(Reprinted with permission from http://mysticangelhealing.net)
"We all know what it is to have a half-warmed fish inside us." Rev. William Archibald Spooner
The beauty of the Law of Attraction is that, with focused attention, you can create a miraculous life, full of love and light and, well, fullness itself. You can have exactly what you want in your life, if you are willing to do what it takes to draw it to you. It's a very simple concept that is not so easy to do at first. The good news is that it does get easier with practice. The beastly side of the Law of Attraction is that if you don't follow-through with your beam of focused attention, you'll get the "half-warmed fish."
Apparently in my exuberance to throw open the doors of my heart and make a wish, I allowed my attention to meander a bit. I got a little sloppy in what I was putting out there, so what I got back was messy and a bit of a "half-warmed fish." By this I mean, instead of getting exactly what I wanted, I got sort of what I wanted, but definitely what I asked for by not being specific enough. It manifested back to me as the half-formed wish (or "half-warmed fish") that was sent out by my heart via psychic fax into the universe.
The fish reference is a partial quote by Rev. William Archibald Spooner, a nineteenth century Anglican priest and scholar, who had a peculiar habit of mixing his words up so you understood what he meant, but it wasn't quite right and usually ended up sounding rather comical to the listener. This type of speech pattern is called metathesis, which means essentially, transposing or switching around. Since Rev. Spooner's time, his special way of switching around words has come to be known as a "Spoonerisms."
Had Rev. Spooner lived out his life speaking seldom so that his verbal blunders didn't come into the spotlight, not only would we know less about this speech pattern, but many of us would have spent a great deal less time laughing and playing around with Spoonerisms. I was introduced to this concept from a friend of mine in college (thank you, Penny, wherever you are!), who used to tell the stories of "The Pee Little Thrigs," Wo Snite and Deven Swarfs," and "Rindercella," (you know, the gal who slopped her dripper that was later returned to her by the Pransome Hince).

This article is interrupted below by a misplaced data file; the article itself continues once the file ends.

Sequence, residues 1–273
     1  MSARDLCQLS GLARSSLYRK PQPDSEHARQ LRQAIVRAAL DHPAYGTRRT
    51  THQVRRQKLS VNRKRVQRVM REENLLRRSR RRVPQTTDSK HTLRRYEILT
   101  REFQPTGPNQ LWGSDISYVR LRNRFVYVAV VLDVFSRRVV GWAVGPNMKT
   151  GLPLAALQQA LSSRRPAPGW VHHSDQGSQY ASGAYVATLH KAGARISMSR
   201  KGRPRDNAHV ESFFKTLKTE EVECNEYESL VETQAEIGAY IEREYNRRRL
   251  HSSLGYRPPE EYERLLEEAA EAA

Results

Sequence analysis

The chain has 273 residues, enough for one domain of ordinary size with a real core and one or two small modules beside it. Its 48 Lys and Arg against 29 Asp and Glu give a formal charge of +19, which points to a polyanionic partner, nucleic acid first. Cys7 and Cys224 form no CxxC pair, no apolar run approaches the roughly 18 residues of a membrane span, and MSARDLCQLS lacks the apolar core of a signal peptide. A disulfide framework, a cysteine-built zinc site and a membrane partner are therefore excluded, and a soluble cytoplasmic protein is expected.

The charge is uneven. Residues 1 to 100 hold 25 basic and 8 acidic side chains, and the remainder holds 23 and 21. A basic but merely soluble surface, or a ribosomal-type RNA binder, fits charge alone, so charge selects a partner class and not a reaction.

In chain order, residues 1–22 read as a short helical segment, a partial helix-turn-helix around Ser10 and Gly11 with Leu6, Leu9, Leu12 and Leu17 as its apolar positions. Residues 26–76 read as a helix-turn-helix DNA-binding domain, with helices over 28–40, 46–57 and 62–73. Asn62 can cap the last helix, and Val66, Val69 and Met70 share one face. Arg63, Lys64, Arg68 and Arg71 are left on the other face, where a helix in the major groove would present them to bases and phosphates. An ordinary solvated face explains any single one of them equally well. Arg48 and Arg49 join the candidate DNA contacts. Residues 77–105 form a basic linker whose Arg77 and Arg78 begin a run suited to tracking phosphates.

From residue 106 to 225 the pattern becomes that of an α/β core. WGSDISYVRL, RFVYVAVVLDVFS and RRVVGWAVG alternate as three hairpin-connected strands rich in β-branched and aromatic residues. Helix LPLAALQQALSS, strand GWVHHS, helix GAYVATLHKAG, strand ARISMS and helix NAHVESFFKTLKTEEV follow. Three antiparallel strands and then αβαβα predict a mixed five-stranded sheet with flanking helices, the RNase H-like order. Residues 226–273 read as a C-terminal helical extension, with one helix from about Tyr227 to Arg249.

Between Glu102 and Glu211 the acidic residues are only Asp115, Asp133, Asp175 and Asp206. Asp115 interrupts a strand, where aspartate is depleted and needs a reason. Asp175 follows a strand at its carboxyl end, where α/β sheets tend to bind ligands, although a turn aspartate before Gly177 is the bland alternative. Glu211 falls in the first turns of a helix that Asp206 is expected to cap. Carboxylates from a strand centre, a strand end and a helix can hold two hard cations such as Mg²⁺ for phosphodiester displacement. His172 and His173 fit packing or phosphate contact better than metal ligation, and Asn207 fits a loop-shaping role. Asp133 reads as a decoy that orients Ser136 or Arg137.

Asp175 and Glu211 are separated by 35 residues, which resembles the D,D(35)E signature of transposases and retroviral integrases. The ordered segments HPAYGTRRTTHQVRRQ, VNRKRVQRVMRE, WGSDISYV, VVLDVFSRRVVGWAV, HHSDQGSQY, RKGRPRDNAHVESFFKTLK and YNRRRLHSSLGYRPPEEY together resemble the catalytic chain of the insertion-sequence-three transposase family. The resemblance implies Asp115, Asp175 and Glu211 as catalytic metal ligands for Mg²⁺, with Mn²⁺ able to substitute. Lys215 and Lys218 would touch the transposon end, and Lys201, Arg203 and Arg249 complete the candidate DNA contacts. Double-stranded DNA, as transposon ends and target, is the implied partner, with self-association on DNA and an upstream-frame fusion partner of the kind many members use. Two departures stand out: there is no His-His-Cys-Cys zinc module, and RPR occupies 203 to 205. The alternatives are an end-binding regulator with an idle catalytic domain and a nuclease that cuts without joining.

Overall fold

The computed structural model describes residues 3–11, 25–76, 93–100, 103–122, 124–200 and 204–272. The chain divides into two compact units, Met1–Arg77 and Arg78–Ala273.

Fortunately for us, Rev. Spooner didn't hide his gift for unusual speech in obscurity. Instead he became a well-known and unforgettable part of ecclesiastic and linguistic history. For sixty years he lectured at Oxford, and later became a dean and president at the same institution. At the bottom of the page, I will include, for your amusement and mine, links to some of his many oft-quoted transpositions. In the meantime, let's get back to the half-warmed fish.
If you've gone a long time without eating and have allowed yourself to get truly ravenous and probably a little shaky and unfocused from low blood sugar, you really have to be careful with yourself. If you go into a restaurant, sit down, take a look at the menu selections, and point somewhat haphazardly at something in your excitement at the prospect of eating, you may get something you don't want because you aren't paying close enough attention to what you were asking the waiter for with the careless placement of your pointing finger.
Now you can refuse to eat what gets served to you because of your shoddy communication style, but it's likely that you'll have to do a lot of apologizing, explaining, and some careful reordering from the menu. At best, this results in a delay in getting what you really wanted. When you're hungry, that may hurt a bit, but at least if you are careful the next time, you will get what you really want in exchange for a little delayed gratification. At worst, you may have to end up paying for both orders--the one you didn't want as well as the one you did. In this case, I recommend you check to see if it's tax deductible under the category of a lesson well-learned. Seems like an education expense to me. If, however, you decide to settle for what has arrived because you are too hungry and shaky to wait until what you really want can be prepared for you, then at best you'll be disappointed with what you get. At worst, it could make you sick.
What am I choosing to do? I'm sending back the half-warmed fish and going back to the source to order what I really want, much more thoughtfully and with greater attention to detail this time, and with the awareness and intention that I am actually ordering something. It's amazing how quickly I manifested the first order, the half-formed wish. Although it wasn't quite right, it was probably as accurate as I had been in my wishing. Even if it takes a little while to prepare what I order the second time, because I'm much more specific, it's still better than settling for less than the best for my life.
Now for more on Rev. Spooner and his infamous "Spoonerisms:"
Beth Mitchum is the author of five novels, one collection of poetry, and one music CD. Her works are available at Amazon.com through the following link: